There's a very good chance that Jean Dujardin and Bérénice Bejo, two actors little-known outside of France, will be nominated for Academy Awards next year. Not that such an honor holds much immediate meaning for the stars of "The Artist," the silent black-and-white film that has become a critical darling on the festival circuit since having its premiere at the Cannes Film Festival in May.
"In America, there's a big audience for the Oscars?" Bejo, 35, inquired, genuinely puzzled. During a recent trip to Los Angeles, she was sitting next to Dujardin, who was accompanied by a translator because he does not speak much English.
"I don't even watch the Césars," Dujardin added with a shrug, referring to France's national film awards, for which he has been nominated before.
Both actors are quickly learning the ins-and-outs of Hollywood's awards season, though, because "The Artist" — which opens in limited release in Los Angeles on Friday — has been amassing rave reviews.
Hardly the standard issue Hollywood holiday fare, "The Artist" is a both a love story and a love letter to the golden age of cinema that serves as its backdrop. Dujardin plays George Valentin, a silent film star who finds himself unceremoniously dropped from the A-list with the arrival of talkies; Bejo is the aptly named Peppy Miller, a sassy song-and-dance gal whose career is on the rise just as George's begins to falter. She ultimately helps George navigate the rocky transition to the next phase of life.
For months, the duo has been working tirelessly to get the word out about the movie, with Dujardin, who is a household name in France, pushing production back on another film to devote his time to publicity demands. Bejo too has made sacrifices: She has traveled relentlessly, despite the fact that she gave birth to her second child with the film's director, Michel Hazanavicius, in September.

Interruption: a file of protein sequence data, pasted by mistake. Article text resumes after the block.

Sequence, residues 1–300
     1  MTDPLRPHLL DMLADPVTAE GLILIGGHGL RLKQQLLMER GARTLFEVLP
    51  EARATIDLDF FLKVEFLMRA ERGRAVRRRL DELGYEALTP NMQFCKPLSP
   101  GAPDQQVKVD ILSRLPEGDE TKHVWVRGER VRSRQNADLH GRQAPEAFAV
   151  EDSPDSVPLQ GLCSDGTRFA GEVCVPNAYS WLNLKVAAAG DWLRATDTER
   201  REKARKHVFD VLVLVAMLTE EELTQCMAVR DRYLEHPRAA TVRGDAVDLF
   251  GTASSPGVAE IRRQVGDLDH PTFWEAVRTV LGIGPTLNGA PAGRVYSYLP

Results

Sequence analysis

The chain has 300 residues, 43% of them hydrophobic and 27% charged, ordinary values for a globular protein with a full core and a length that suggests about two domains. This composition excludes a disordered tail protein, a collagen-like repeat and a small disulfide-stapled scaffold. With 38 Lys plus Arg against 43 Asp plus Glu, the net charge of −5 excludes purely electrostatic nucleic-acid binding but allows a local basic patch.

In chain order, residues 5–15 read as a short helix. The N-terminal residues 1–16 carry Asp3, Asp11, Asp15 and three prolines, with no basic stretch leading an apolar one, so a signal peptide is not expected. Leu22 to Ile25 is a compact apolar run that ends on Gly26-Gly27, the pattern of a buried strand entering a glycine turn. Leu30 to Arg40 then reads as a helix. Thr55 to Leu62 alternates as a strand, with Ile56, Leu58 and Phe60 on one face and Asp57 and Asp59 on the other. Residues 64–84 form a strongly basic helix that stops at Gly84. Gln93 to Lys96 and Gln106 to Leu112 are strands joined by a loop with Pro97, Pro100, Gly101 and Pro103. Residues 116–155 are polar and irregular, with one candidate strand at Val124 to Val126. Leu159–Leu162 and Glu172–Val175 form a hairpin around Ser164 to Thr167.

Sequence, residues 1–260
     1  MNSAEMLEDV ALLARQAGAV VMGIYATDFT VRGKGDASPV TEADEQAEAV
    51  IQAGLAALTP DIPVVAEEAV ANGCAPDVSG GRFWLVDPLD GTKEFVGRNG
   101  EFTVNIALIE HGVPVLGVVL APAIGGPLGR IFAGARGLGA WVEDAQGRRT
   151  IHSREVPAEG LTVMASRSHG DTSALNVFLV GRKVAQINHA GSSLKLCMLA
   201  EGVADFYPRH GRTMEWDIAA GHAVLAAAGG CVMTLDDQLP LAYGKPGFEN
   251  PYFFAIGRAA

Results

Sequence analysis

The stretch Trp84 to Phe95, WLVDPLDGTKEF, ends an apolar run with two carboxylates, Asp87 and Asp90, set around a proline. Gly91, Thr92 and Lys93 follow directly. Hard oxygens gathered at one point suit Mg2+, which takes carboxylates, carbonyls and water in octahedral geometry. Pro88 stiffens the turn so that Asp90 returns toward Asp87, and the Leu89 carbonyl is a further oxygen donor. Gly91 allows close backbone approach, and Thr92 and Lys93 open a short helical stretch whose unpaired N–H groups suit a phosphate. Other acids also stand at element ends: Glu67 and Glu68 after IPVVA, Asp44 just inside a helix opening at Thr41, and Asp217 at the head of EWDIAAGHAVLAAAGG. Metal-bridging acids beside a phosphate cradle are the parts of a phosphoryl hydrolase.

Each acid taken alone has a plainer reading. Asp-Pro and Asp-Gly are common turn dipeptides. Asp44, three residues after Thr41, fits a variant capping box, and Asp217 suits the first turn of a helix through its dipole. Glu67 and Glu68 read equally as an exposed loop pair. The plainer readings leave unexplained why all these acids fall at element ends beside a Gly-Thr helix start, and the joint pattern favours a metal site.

As a result of all the time spent together, the trio has become tight-knit; during a recent media day in Los Angeles, Dujardin, Bejo and their director stuck close to one another, frequently dissolving into laughter and long conversations in their native language.
Their professional relationship dates to 2006, when Dujardin and Bejo starred in Hazanavicius' spoof, "OSS 117: Cairo, Nest of Spies." That film spawned a Dujardin-led follow-up, though it was Bejo who had an early line on "The Artist." She and Hazanavicius would watch silent films together, and she began studying his books about the era.
When the filmmaker approached them with his conceit for "The Artist," both actors, who had, at that point, seen only the silent films of Charlie Chaplin and Buster Keaton, were initially worried that Hazanavicius' film might require them to do pantomime. Reviewing an F.W. Murnau silent movie from 1930 helped convince them the concept could work.
"We went to see 'City Girl,' and we were like, 'Oh, OK, this is normal,'" Bejo said. "The direction of the acting isn't pantomime or overacting — it's something very realistic. When Michel has an idea, I trust him. I said, 'Let's find the money and let's go.' I didn't feel like this was an impossible thing."
Over the last decade, Bejo has been steadily gaining attention for her work in comedies — though she also had a supporting role in the action film "A Knight's Tale," which starred the late Heath Ledger — and she was able to draw upon her earlier experiences to help convey Peppy's enthusiasm and sweetly indomitable spirit.